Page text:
These include capital outlays for access on new and modified assets and increased operating costs associated with the access features; they are calculated in a forty year cost stream and the present value found at a 4.
Amortization of capital outlays is not included. The industry implementation costs are separately calculated for the fleet and shore sectors. The cost for phasing in an accessible fleet follows from a single set of assumptions derived from a high-confidence set of population data. Table shows the results, sorted by Coast Guard regulatory category in descending order of vessel size and between new construction and existing vessel alterations.
Three distributions of high and low cost access solutions are used for both population sectors, since data on hydrographic features is scant. The calculation considers only capital costs phased in over 40 years. The body of the report also has calculations of the "business" cost, which is the same as societal cost but includes the expense of amortizing capital outlays. Amortization is at a 7. A detailed business cost summary for the vessel access sector appears in Table ; Tables an contain the data for shoreside access.
A brief study of the impact on five fictional small operators shows that some would bear potentially large expense for providing accessible vessels and docks. The ADA was signed into law in Six years later, the impact on the passenger vessel industry is unclear as no regulations have been developed for that mode of transport.
This may be partly due to the fact that marine transportation is the "forgotten stepchild" among the major modes. However, the marine industry's unique missions and operating environment and the difficulties of applying ADA's various titles thereto are probably a better explanation for the slow pace of implementation. The original act defined lines of applicability in five Titles, none of which made use of the words "vessel", "boat", or "ferry".
Three Titles affect the passenger vessel industry: Title I employment opportunity , Title II program access and public transportation , and Title III public accommodations and public transport. Both present a dual regulatory format, broadly dividing public agencies and private businesses into two groups: 1 those providing "public accommodations" as "facilities", and 2 those providing "public transportation" by "vehicles" 1.
While most entities must comply with either Title II or III, this is not the case for many passenger vessel operators, who may have to comply with both. The industry is subject to both sets of ADA regulations with the additional challenge of existing Coast Guard regulations.
Passenger vessel operators have been subject to some general provisions of ADA since its passage, that is, the broad anti-discrimination language and the requirement to make "readily achievable" and "reasonable accommodations", within limits proscribed by health and safety risks and "undue burden". The OST has been given the lead in the investigation of access for persons with disabilities on passenger vessels. The UHI conducted two seminars for affected parties and completed a report highlighting the concerns of the stakeholders and the safety and regulatory questions implied by the ADA.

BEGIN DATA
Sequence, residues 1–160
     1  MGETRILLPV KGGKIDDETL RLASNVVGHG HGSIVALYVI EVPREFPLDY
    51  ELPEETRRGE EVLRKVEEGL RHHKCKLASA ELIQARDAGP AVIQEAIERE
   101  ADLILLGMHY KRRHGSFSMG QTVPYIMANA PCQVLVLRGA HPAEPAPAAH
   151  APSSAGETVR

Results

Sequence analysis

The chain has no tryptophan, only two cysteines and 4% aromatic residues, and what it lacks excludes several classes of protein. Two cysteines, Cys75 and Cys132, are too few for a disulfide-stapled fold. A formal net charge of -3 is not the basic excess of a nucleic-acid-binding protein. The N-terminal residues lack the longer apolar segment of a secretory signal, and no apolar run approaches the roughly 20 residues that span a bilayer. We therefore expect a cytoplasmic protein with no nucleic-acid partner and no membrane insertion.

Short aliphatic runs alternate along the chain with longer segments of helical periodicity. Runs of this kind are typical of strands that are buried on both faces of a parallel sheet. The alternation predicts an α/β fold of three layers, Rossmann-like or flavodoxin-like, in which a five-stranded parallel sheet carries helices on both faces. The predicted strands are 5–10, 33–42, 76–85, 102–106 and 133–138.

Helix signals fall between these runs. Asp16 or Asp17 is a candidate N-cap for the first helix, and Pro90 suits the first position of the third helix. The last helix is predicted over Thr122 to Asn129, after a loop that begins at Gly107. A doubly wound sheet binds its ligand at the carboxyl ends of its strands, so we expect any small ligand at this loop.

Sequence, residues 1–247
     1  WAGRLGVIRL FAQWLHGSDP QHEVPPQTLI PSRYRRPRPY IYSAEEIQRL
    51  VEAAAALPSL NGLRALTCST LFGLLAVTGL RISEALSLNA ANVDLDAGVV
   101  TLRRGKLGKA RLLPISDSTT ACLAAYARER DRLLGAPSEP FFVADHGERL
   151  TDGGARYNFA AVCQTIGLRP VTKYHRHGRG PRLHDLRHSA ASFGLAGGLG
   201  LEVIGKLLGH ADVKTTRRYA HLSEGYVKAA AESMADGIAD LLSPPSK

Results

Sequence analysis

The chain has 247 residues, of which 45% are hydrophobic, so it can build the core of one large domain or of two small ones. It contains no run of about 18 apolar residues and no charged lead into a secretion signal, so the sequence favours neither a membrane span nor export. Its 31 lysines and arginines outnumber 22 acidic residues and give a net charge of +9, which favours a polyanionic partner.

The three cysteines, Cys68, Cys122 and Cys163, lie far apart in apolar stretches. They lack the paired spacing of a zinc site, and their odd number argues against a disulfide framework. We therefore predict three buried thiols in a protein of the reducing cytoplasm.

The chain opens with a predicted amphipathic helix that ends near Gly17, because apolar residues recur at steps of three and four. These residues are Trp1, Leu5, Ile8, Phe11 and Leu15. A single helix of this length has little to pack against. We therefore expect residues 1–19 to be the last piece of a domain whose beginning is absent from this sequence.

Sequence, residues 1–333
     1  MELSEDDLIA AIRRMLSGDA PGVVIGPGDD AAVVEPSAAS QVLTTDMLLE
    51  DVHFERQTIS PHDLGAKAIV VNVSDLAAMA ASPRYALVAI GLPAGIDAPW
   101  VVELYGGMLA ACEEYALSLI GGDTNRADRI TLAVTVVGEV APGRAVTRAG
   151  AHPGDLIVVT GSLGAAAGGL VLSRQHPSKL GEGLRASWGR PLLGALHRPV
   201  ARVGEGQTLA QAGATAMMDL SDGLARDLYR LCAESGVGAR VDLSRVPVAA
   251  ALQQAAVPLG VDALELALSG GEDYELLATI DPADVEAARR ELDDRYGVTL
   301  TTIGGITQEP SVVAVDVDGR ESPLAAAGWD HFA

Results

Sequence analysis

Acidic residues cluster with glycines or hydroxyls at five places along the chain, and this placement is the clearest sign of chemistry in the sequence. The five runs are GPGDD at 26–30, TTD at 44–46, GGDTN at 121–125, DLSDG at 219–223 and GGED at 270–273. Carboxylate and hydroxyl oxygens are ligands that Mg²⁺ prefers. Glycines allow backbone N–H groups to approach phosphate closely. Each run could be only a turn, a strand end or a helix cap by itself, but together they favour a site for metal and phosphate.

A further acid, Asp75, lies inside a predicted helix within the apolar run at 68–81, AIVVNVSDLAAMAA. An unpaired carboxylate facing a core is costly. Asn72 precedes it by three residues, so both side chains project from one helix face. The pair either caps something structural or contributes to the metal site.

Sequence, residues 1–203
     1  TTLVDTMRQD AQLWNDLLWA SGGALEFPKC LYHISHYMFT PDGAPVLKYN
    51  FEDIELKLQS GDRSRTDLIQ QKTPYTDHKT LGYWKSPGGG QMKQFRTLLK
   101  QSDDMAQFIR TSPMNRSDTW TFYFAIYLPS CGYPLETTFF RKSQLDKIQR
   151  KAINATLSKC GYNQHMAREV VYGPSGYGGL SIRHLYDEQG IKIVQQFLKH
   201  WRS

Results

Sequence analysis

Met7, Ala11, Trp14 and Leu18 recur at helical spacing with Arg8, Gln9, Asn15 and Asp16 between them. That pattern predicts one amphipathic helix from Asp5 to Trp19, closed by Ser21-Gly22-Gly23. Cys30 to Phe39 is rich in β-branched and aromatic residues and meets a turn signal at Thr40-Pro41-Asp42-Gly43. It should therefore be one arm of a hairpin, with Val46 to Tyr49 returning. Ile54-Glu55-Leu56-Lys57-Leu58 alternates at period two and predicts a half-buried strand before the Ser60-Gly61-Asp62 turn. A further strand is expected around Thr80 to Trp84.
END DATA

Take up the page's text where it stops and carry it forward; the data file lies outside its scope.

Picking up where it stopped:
The report did not identify a set of marine transportation access requirements or any associated cost impacts. The Committee developed a flexible access regime for recreational boating and fishing facilities and proposed a new section in the ADA Access Guidelines ADAAG for such unique features as gangways from dock to vessel 3. The State of Massachusetts completed a study and a negotiated regulation process titled "Marine Facilities Access" in 4.
Coast Guard Headquarters and the Marine Safety Office MSO field units have also assisted in preparation of this report by providing vessel data for the fleet characterization. The Coast Guard has also sponsored a study by students of the Worcester Polytechnic Institute WPI to rank, in order of feasibility and benefit, several access accommodations on new passenger vessels 5.
They found that crew training, onboard ramps, signs and alarms, and accessible rest rooms were practicable and that elevators, boarding ramps, and emergency equipment were less so. In the latter cases, the effects on small boat designs were given strong consideration.
A recently published interim final rule overhauls the Coast Guard's inspection and certification requirements for small passenger vessels.
The Coast Guard's response to pertinent comments in the docket is that they will work with the Department of Transportation to study the feasibility of ADA implementation 6. State and local public sector entities, such as the Woods Hole, Martha's Vineyard and Nantucket Steamship Authority and the City of San Francisco, have developed marine access standards 7, 8.
We have incorporated some aspects of these documents in the access solutions proposed herein. They were assembled for their advice and comments on the direction of the impact study, although not necessarily to achieve consensus views. The Group met on March 23, and later reviewed the interim report; the approach used here reflects their comments.
A working meeting was held on April 15, among representatives of the passenger vessel industry, government, and national advocacy groups to consider in depth the safety and technical issues of access onboard passenger vessels.
The findings of that group are included in several portions of this report, including the recommendations sections where the needs for future work are identified. The agenda and minutes of that meeting appear as Appendix I. Passenger vessel operators have, on the whole, been slow to provide this access to their businesses, in good part because the Government has not begun a topical rulemaking process.
There have, nonetheless, been many efforts to improve access using "readily achievable" modifications and, particularly among publicly operated services, to make substantial investments in access accommodations in both new and existing vessels and facilities. Dock access modifications and onboard accommodations are appearing on a steadily increasing number of waterfronts and vessels, mostly associated with large ferries, leisure cruise and gaming boats.
Several ocean-going cruise ships offer full access and berthing arrangements to persons with disabilities The smaller vessels and operators, however, tend to have more limited resources-- as well as more daunting size-related technical problems-- and have not moved as quickly to upgrade their facilities.